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New storage breakthrough stores 215 petabytes on one gram of DNA



With so much new information being generated every day we’re already pushing the limits of today’s technologies, but now ultra-dense, ultra-efficient new forms of storage are appearing on the horizon.


It’s long been known that today we’re generating more information, faster, than ever before. The same was true yesterday and it’ll be true tomorrow. What would today’s storage sales men and women do if they didn’t have that little fact to hand…? Anyway, while they’re busy selling the virtues of the latest and greatest solid state drives a team at Columbia University and the New York Genome Center (NYGC) have been busy at work trying to build the hard drives of the future. Using DNA.


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Last week researchers managed to show that an algorithm designed for streaming video on a smart phone, known as a Fountain Code, could unlock almost all of DNA’s storage potential by squeezing more information into its four base nucleotides than ever before, and they also managed to demonstrate that the technology is also extremely reliable.

DNA is an ideal storage medium because it’s ultra-dense and ultra-energy efficient, furthermore it can last hundreds of thousands of years – something that was demonstrated by the recent recovery of DNA from the bones of a 430,000 year old human ancestor found in a cave in Spain.

“DNA won’t degrade over time like cassette tapes and CD’s, and it won’t become obsolete – if it does, we have bigger problems,” said Yaniv Erlich, a computer science professor at Columbia Engineering and a key member of the NYGC.

Erlich and his team selected six files to write, or encode, onto DNA – a full computer operating system, an 1895 French film, “Arrival of a train at La Ciotat,” a $50 Amazon gift card, a computer virus, a Pioneer plaque and a 1948 study by information theorist Claude Shannon.

What else would you store on the world’s most advanced strands of storage?


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First they compressed all of the files into a single “master” file and then split the data into short text strings of binary 1’s and 0’s and then randomly packaged the strings into so called “droplets” and mapped them onto the four A,G,C and T nucleotide bases in DNA. It’s worth noting here that at this point there’s no actual physical DNA involved, the team were simply putting together a text based DNA sequence in a Microsoft Word document.

How advanced is that for you?

Once they’d finished putting the sequences for their DNA strands together – 72,000 strands in all – they then E-Mailed them over to a DNA synthesis company called Twist Bioscience, the same company that Microsoft has been buying its tailored DNA storage strands from, who then used them to synthesise the actual DNA. Turning what was once just a string of text characters in an E-Mail into biological, DNA storage device. Two weeks later, the team received a vial holding a speck of DNA molecules.



To retrieve their files the team used modern sequencing technology to read the DNA strands, followed by software to translate the genetic code back into binary and phenomenally they recovered their files with zero errors.

The team also managed to demonstrate that a virtually unlimited number of copies of the files could be created with their coding technique by multiplying their DNA sample using a Polymerase Chain Reaction (PCR) process, and that those copies, and even copies of their copies, and so on, could be recovered error free.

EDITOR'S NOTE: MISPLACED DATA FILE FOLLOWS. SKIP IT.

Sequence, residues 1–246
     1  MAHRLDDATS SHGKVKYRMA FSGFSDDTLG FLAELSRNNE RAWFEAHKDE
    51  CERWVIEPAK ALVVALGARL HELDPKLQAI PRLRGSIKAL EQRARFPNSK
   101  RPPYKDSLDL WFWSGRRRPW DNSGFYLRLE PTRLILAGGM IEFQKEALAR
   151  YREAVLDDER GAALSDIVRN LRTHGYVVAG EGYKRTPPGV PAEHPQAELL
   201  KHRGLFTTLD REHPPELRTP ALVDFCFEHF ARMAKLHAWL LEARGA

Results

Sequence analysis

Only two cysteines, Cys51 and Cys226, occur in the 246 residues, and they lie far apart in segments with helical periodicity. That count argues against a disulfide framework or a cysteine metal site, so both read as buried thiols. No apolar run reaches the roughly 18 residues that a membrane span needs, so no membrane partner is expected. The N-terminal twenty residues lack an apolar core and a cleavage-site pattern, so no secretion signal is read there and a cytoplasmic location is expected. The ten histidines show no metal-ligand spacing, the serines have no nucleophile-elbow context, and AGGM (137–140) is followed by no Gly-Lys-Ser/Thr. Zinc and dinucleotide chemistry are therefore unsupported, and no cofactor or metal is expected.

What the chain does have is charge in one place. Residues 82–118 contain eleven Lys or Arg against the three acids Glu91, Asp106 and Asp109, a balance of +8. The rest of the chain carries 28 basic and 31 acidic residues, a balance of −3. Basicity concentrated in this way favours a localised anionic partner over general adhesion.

Finally, not happy with changing everything we know about storage, and as their final piece de resistance they managed to demonstrate that their new coding strategy can pack 215 petabytes, or 215 million gigabytes of data onto a single gram of DNA, blowing away the previous record, which was held by Harvard and the European Bioinformatics Institute by a hundred fold.


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“We believe this is the highest density data storage device ever created,” said Erlich.

The capacity of DNA data storage is theoretically limited to two binary digits for each nucleotide, but the biological constraints of DNA itself and the need to include redundant information in order to reassemble and read the fragments later reduces its capacity to 1.8 binary digits per nucleotide base.

While the new team have managed to smash the previous record cost will still remain an issue as the team had to spend $7,000 to synthesise the DNA they used to archive their 2 megabytes of data, and another $2,000 to read it. And although the cost of sequencing DNA has fallen dramatically over the years there’s still a huge way to go before it could be a commercially viable alternative to today’s storage systems. And that’s also nothing to say of the technical challenges that still remain trying to create a DNA storage architecture that will be able to write and read data from the new type of storage.


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“Investors may not be willing to risk tons of money to bring costs down,” said Erclich, “but the price of DNA synthesis can be vastly reduced if lower quality molecules are used, and we use coding strategies like DNA Fountain to fix molecular errors. We can do more of the heavy lifting on the computer to take the burden off time-intensive molecular coding.”

And as for the future of the future of storage? Well, if we can store 215 petabytes in a single gram of DNA then imagine what happens when you have six DNA nucleotide bases to play around with – something that became a reality recently with the creation of a new six base alien life form  –  not just four. When you start doing the sums, let’s just say you run out of zero’s.

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